China - Congress passes law censoring disaster



    MONTREAL, Aug. 31 /CNW Telbec/ - Reporters Without Borders condemns
yesterday's approval by the National People's Congress of a law which,
according to the official news agency Xinhua, "bans the fabrication and spread
of false information on accidents and disasters and requires the government to
provide accurate and timely information." Called the Emergency Response Law,
it will take effect on 1 November.
    "Adopting legislation on the management of public emergencies may be a
good thing, but turning it into a tool for reinforcing censorship is
unacceptable," the press freedom organisation said. "All the Chinese media are
already controlled by the Publicity Department, and this law in practice
deprives them of the ability to provide an alert service in situations of
crisis."
    Reporters Without Borders added: "The Chinese authorities appear not to
have drawn the lessons from the SARS crisis, in which lives could have been
saved if they had not imposed a news blackout."
    The law's initial draft included provision for fines of between 50,000
and 100,000 yuan on news media that published unauthorised reports about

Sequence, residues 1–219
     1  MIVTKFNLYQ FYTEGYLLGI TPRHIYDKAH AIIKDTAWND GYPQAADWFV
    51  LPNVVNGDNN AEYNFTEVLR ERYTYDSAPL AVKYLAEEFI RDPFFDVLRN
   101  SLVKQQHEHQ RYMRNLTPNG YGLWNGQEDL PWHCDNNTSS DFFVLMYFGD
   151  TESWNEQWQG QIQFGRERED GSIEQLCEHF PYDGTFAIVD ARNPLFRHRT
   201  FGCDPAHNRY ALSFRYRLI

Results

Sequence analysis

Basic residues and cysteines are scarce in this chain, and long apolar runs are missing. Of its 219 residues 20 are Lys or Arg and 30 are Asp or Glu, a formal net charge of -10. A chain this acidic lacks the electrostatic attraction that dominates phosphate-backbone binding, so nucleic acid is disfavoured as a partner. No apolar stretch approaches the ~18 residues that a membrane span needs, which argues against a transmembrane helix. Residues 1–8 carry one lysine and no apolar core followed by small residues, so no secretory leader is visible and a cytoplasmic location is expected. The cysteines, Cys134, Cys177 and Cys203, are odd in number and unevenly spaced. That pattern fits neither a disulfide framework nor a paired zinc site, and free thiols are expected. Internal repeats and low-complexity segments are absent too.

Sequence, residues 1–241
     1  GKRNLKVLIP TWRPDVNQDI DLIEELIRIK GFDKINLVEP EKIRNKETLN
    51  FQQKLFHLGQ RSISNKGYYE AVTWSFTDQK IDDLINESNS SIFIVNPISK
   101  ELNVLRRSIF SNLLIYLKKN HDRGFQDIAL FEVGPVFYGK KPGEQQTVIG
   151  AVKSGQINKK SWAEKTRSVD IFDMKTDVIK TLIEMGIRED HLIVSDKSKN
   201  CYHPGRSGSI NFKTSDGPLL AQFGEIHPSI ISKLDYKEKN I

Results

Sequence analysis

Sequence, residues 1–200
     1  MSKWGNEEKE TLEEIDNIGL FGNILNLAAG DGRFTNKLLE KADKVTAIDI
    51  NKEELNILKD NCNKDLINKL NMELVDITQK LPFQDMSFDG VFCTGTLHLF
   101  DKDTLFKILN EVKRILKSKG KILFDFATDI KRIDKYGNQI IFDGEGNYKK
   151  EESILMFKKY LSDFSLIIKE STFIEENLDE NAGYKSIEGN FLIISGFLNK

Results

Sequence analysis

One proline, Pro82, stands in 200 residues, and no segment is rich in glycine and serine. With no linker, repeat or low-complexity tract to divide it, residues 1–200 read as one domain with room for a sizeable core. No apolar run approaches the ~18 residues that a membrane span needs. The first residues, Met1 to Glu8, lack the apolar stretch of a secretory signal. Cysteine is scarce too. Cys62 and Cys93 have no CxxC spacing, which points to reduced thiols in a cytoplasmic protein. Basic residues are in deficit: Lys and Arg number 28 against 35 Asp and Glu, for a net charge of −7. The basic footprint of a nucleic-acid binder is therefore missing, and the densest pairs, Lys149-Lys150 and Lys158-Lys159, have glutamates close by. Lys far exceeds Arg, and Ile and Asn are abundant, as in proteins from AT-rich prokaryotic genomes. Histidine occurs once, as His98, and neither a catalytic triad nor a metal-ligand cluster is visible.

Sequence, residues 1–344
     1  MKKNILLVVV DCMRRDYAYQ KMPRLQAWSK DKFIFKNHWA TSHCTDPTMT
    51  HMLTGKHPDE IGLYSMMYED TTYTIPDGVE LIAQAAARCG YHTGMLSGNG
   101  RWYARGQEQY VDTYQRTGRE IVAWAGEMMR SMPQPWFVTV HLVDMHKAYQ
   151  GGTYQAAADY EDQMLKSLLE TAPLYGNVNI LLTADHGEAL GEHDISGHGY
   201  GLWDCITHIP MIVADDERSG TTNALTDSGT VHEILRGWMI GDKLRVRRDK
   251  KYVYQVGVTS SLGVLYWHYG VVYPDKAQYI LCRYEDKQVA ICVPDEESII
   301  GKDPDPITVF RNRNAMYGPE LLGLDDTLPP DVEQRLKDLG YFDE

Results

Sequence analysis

emergencies. This provision was withdrawn, but the final version nonetheless
stipulates that news media could lose their licence if they put out false
information on accidents and disasters.
    In practice, the media will be limited to reproducing Xinhua's despatches
on "industrial accidents, natural disasters, health and public security
hazards" and will be unable to conduct their own investigations. A Xin Kuaibao
(New Express) columnist last year argued that "there will be no way of
verifying whether the information coming from the authorities is true and
accurate" and that the law could "become a way for corrupt officials to hide
their dishonesty."
    Widely criticised in the local press, the law's adoption was facilitated
by last month's scandal about a fabricated TV report on a bakery that
allegedly put shredded cardboard into its dumplings.

    Reporters Without Borders defends imprisoned journalists and press
freedom throughout the world. It has nine national sections (Austria, Belgium,
Canada, France, Germany, Italy, Spain, Sweden and Switzerland). It has
representatives in Bangkok, London, New York, Tokyo and Washington. And it has
more than 120 correspondents worldwide.




For further information:

For further information: Emily Jacquard, Directrice générale, Reporters
Without Borders, (514) 521-4111, Cell: (514) 258-4208, Fax: (514) 521-7771,
rsfcanada@rsf.org

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